The COVID-19 pandemic has caused anxiety around the unknown for many nursing teams across the country. To ease this anxiety, nursing leaders need to serve as a voice of reason and stability, guiding their teams into the “new normal.”

Tipton Health Communications held a Nursing Leadership Webinar on June 2 to offer nursing leaders some help. Phil Ellingsworth Jr., strategic communications manager at Tipton, and Erin DiGirolamo, senior manager of internal communications and digital workforce strategy at the Children’s Hospital of Philadelphia (CHOP), outlined three straightforward ways to make sure your communications are strong, relevant and effective.


Communication is a two-way street.

Consistently sending out messages is a step in the right direction. But to communicate effectively, you need to listen to the feedback you receive and address it in your next directive.

  • Continually encourage your nurses to share their questions, concerns and suggestions. Emphasize how it is important for them to speak up and provide open, honest input during COVID-19 and beyond.
  • Make it easy for nurses to give feedback. Offer multiple channels to submit comments. These channels can be anything from town halls to rounding.
  • Acknowledge the feedback you receive. Let your staff know you’re listening to them and considering their ideas. Follow up with action and information to ensure your nurses know their leaders hear them, empower them and care about them.


One size does not fit all.

Change up how you’re talking with your nurses through different channels. Your staff might miss one singular email about a new masking policy. But if you accompany that email with a post on your organization’s intranet, and leaders cover the topic while rounding, there’s a much better chance your nurses will get the message.

It’s also important to remember that we all learn in different ways, so use all your communication channels to put out multiple versions of the same message. This way, each nurse can receive the information in the way that makes the most sense to them. Here are examples of channels you can use:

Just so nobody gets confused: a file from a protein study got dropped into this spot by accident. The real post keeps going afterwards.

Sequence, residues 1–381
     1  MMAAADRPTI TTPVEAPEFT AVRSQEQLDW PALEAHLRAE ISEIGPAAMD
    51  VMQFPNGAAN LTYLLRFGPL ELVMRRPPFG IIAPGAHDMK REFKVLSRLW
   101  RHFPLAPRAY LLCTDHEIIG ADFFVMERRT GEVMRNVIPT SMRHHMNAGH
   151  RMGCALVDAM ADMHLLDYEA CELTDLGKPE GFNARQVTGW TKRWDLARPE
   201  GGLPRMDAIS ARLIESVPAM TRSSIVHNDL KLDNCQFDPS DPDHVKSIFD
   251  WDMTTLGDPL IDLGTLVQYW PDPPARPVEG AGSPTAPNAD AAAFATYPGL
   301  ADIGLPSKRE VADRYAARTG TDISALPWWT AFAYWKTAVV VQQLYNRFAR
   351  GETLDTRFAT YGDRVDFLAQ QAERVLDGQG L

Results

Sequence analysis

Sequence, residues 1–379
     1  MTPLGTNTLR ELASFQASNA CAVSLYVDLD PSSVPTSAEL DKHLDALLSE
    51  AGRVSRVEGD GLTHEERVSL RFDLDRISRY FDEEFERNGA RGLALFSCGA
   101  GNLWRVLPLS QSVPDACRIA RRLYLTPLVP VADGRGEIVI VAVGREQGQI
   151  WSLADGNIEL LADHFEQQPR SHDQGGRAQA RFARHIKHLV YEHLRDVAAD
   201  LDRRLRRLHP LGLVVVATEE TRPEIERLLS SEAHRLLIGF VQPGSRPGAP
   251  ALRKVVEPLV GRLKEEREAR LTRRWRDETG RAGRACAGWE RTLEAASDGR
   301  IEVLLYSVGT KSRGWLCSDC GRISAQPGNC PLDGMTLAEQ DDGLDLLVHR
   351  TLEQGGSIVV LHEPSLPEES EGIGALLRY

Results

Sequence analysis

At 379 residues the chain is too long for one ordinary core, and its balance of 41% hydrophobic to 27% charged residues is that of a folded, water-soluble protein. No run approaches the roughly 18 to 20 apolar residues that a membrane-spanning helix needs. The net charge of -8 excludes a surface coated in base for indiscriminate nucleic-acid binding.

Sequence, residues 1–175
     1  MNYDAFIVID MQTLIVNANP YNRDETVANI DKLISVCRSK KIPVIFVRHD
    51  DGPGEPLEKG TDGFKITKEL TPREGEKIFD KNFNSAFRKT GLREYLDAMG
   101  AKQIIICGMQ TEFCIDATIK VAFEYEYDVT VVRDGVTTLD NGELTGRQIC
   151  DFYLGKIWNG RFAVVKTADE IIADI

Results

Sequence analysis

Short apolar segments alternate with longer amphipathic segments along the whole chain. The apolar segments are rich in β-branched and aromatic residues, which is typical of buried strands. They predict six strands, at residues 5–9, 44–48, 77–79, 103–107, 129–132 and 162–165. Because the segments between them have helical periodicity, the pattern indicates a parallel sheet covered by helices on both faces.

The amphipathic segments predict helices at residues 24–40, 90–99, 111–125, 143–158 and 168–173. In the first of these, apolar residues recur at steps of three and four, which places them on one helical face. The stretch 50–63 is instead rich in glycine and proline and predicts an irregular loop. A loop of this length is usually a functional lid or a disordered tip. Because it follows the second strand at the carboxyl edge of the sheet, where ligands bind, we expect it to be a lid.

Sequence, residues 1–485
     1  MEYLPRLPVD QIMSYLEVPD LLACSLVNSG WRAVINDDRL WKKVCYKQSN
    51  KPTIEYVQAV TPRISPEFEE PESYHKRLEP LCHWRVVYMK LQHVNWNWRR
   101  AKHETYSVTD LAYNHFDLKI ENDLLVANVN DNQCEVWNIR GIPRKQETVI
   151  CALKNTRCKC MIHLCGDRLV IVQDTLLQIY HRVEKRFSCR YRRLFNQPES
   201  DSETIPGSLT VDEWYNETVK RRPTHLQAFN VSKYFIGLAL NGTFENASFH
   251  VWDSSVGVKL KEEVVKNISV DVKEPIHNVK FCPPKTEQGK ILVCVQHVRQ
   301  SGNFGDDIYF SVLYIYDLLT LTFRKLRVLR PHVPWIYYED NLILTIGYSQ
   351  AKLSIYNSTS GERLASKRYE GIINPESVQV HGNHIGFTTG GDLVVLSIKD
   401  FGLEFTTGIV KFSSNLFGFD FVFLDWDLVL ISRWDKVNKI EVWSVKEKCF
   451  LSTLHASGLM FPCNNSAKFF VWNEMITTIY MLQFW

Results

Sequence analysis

• Nurse information center
  • Messages from the CNO/CNE
  • Virtual and in-person rounding
  • Town halls
  • Intranet posting
  • Digital signage


An open book is easier to read.

In times like these, your best bet is to be transparent, timely and brief. It’s okay if you don’t know the answer to every question that comes up. Just be honest about what you do know, what you don’t know, what factors leadership is considering when making their decisions and what staff can do to help in that process.

It can be uncomfortable at times not knowing the answers. But by being honest and open, you’re showing staff you care about them and their needs— and you’ll address those needs in your decision-making process. This will build trust, maintain morale and engagement, and lower the stress and anxiety of your nurses.


Learn more from our expert speakers.

Visit to learn more about all the strategies presented in our webinar, Employee Communications Essentials in the “New Normal” Hospital. Following the session, Tipton offered attendees a free tip sheet on how to create a meaningful manager message map. If you would like a free download of this resource, send an email to

Be sure to join us for our upcoming June sessions:

Click here to learn more or to register.